The following Guest Column published in the Gaston Gazette is a response to an earlier column published by Mr. Williams (a declared Republican candidate for County Commissioner) He attacked the local Democratic party and charged that we are in favor of voter fraud among other ludicrous statements.
The dead, the mentally incompetent and the voter ID bill
The dead, nonexistent and mentally impaired are not the individuals we need to worry about in Gaston County. According to court records and the County Board of Elections, it is Republican campaign workers for Congressman Patrick McHenry that should make people take notice when it comes to the issue of voter fraud.
The county Board of Elections reports there have been two cases of voter fraud in Gaston County since 2004. One of them involved a paid campaign worker for Congressman Patrick McHenry, Michael Aaron Lay, who cast his illegal vote for McHenry twice in 2004 during hotly contested primaries that his boss won by only 86 votes. Lay claimed that he lived in McHenry’s Cherryville home with three other men. At the time Lay voted in Gaston County, his paychecks were sent to his parents’ home in Tennessee.
The voter ID bill proposed by the Gaston County commissioners would not have prevented Lay from casting his illegal vote. Lay and his illegal voting represents exactly one half of all the illegal voters casting ballots in Gaston County over the past 10 years. So contrary to what Jason Williams writes, no dead people vote here, no votes have been cast by the mentally impaired, and no elections have been stolen by illegal voters. Except, perhaps, a primary or two by corrupt Republicans.
The all-Republican County Board of Commissioners has asked the N.C. Legislature for permission to require government-issued photo identification — like a driver’s license or passport — before people can vote. All that sounds fine until you realize no blind person has a driver’s license and there are not many people in Gaston County who have passports. So that means Gaston County would have to issue photo IDs free of charge to every citizen who does not already have the required government papers.
Statewide, over 10 percent of the voters do not have photo IDs. In Gaston County, that would mean the county would have to provide nearly 13,000 registered voters with government-issued identification papers, at a taxpayer cost that would exceed $100,000.
No race card is being played here as Mr. Williams writes, except the card that Mr. Williams played himself. But it is definitely a fact that over the years and in the not too distant past, African-Americans in this county and others across the state were not allowed to vote unless they could answer off-the-wall questions like who the 23rd President of the United States was or else pay a fee to vote — a poll tax. State figures from the N.C. Board of Elections show that voter ID requirements will impact mostly the blind, elderly, handicapped and the poor — all people who do not traditionally have access to cars.
Given Gaston County’s history of voter suppression, it is no wonder many in the African-American community are alarmed over the proposed legislation, particularly when influential Republicans like Mr. Williams and Commissioner Philbeck say they have no plans to even spend a nickel on getting the required government identification papers to the voters who need them most.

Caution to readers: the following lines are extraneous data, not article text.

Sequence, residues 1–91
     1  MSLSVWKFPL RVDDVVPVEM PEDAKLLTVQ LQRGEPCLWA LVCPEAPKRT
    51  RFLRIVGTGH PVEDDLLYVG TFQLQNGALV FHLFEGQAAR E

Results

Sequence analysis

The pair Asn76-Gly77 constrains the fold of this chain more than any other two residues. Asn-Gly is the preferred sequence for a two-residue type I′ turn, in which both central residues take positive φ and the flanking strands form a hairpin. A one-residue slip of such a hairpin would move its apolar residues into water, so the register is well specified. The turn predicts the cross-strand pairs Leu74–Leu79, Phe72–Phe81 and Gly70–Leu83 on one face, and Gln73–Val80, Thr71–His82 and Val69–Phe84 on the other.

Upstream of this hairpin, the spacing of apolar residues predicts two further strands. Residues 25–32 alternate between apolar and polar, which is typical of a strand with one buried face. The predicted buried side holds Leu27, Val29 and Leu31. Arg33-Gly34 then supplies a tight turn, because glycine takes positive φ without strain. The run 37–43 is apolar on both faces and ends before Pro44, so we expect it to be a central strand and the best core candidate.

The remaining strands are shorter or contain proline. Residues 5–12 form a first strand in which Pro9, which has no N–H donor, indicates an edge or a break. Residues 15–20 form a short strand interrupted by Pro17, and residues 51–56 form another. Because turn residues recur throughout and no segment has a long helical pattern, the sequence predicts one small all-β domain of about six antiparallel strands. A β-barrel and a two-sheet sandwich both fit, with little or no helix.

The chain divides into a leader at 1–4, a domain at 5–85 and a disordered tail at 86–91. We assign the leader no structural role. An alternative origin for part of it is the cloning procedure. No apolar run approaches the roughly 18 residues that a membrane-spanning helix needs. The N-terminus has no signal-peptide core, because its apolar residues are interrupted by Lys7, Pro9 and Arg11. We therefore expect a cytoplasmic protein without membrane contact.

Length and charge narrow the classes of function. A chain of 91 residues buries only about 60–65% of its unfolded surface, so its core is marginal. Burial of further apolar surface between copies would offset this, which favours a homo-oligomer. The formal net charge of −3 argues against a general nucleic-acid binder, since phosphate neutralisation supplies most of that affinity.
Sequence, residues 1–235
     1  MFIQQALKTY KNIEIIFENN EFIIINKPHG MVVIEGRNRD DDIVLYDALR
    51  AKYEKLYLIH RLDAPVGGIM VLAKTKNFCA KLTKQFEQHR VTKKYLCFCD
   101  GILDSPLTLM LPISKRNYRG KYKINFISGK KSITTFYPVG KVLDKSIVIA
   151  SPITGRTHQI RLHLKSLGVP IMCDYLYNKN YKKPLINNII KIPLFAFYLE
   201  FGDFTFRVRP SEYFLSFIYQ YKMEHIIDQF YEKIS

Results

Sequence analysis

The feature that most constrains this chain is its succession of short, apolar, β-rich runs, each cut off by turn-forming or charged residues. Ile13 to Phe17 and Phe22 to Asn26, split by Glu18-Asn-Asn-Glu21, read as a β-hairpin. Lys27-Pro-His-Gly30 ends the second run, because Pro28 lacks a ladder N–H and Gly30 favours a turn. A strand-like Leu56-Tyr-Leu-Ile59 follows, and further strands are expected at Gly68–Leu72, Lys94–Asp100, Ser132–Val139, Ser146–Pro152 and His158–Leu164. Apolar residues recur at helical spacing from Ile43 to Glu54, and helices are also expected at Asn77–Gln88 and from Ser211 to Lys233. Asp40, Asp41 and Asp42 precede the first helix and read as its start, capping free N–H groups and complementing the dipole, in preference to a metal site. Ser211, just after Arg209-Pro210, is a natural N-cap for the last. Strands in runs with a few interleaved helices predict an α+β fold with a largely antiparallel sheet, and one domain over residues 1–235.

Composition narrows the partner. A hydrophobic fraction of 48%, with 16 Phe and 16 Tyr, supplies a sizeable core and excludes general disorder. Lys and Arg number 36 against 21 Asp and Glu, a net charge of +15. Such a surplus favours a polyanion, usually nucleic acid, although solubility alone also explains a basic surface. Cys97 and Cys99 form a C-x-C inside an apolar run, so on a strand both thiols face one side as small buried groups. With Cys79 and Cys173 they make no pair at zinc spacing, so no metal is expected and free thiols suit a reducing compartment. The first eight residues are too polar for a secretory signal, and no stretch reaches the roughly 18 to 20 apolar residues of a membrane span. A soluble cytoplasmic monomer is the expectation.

But if this local voter ID bill goes through, the federal government will step in because our county’s history of suppressing minority votes means we are required to get permission from a federal judge before making any changes to local election rules or procedures. And one of those requirements will be that we the taxpayers will have to pay the $100,000 it takes to educate the voters and issue the identification papers.
Mr. Williams and Commissioner Philbeck say the local voter ID bill is watered down so that a voter could present a Social Security card or utility bill to vote. But the resolution that Commissioner Philbeck introduced under parliamentary maneuvers designed to avoid public debate says Gaston County residents would have to present the identification under North Carolina’s Senate bill 595. And SB595 says that in order to vote, the voter must present a government-issued identification card “that contains a photograph of the registered voter.” So a bad idea starts looking even worse when you realize our commissioners do not even know what they voted for.
Also, SB595 clearly states that a photo ID must be made available at no cost to the voter. The price tag to accomplish this is most likely more than $100,000. A recent article in the Shelby Star quoted the Cleveland County Board of Elections as saying “The North Carolina bill would require county election boards to provide free voter ID cards to anyone registering to vote who didn’t have a valid driver’s license or state ID.”
So here is the issue: Should we use $100,000 of Gaston County taxpayer money to stop Republican operatives from voting illegally in hotly contested primary elections, or use that same amount of money to put additional modern computers in our classrooms to help teach our children the skills they need to get good jobs in the 21st century?
Nobody in the Democratic Party wants dead people or those mentally incompetent to vote. Thankfully, the evidence shows that is not a problem in Gaston County. But if the Republican Party is still looking for a case of voter fraud in this county, they need not look any further than inside their own political party.
Robert Kellogg is a resident of Gastonia and chairman of the Gaston County Democratic Party.
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